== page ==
A ban on plastic carrier bags has come into force in Kenya, which means that anyone found selling, manufacturing or carrying them could face fines of up to $38,000 or prison sentences of up to four years.
The government says the ban will help protect the environment.
But manufacturers of the bags have argued that 80,000 jobs could be lost.
A court on Friday rejected a challenge to the ban. Kenyans are estimated to use 24 million bags a month.
Several other African countries have outlawed plastic carrier bags, including Rwanda, Mauritania and Eritrea.
Kenya's ban is seen as one of the toughest in the world, although officials say that for now, ordinary shoppers will be warned and have their bags confiscated.
Piles of waste plastic bags are a common site across Kenya, as in many African countries.
Animals often graze on the rubbish and the United Nations' Environment Programme says huge amounts of polythene bags are pulled out of livestock in Nairobi's abattoirs - as many as 20 bags per cow - raising fears of plastic contamination in beef.
Kenya's Environment Minister Judy Wakhungu says the plastic bags take between 20 and 1,000 years to biodegrade.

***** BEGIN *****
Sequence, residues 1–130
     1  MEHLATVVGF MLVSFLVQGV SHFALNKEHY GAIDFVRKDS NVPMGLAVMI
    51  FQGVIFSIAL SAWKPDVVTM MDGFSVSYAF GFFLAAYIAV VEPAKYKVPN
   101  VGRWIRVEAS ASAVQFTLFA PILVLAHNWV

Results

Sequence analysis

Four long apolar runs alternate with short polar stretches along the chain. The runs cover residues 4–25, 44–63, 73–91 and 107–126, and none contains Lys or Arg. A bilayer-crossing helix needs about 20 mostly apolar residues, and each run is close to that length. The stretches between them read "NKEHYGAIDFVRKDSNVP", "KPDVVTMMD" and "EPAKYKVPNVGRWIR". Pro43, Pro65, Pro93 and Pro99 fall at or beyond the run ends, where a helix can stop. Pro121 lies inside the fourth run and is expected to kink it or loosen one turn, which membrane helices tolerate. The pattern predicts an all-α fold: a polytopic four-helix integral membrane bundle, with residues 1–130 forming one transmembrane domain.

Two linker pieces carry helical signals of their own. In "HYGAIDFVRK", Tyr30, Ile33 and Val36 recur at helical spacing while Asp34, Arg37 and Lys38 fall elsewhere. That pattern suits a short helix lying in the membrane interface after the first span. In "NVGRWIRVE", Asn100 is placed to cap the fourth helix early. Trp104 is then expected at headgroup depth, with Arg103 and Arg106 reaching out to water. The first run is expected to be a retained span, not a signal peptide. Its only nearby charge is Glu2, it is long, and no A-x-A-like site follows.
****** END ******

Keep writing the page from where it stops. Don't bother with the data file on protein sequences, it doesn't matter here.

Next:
"Plastic bags now constitute the biggest challenge to solid waste management in Kenya. This has become our environmental nightmare that we must defeat by all means," she told the BBC.
No arrests for offenders yet - Anne Soy, BBC Africa, Nairobi
Kenyans are slowly getting used to carrying their shopping using bags made from materials other than plastic.
At a local supermarket, I saw a man stuff a bunch of unwrapped spinach into his backpack. Other customers bought bags made from fabric for 10 Kenyan shillings (10 US cents; 7 British pence).
The $38,000 fine with the alternative of a four-year jail term has many people preferring to comply with the ban.
The National Environment Management Authority (Nema) says that enforcement officers can, for now, only confiscate plastic bags but not arrest offenders.
Reports say traders in the city's main meat market are still using plastic bags.
Others say people are using old sacks, newspapers and envelopes.
When these are not available, consumers are said to be carrying their goods with their bare hands.
Travellers coming into Kenya with duty-free plastic shop bags will be required to leave them at the airport under the new rules, Nema has said.
This is the third attempt in the past 10 years to ban plastic bags in Kenya.
The government had given a six-month window for adjustment which expired on Sunday night.
Manufacturers who use polythene to wrap products are exempted from the ban.
In its ruling last week, the High Court dismissed a case filed by two plastic bags importers urging it to drop the ban. The court ruled that environmental concerns were more important than commercial interests.
Research in Europe has shown that a paper bag must be used three times to compensate for the larger amount of carbon used in manufacturing and transporting it.
Likewise a plastic "bag for life" must be used four times, and a cotton bag must be used 131 times.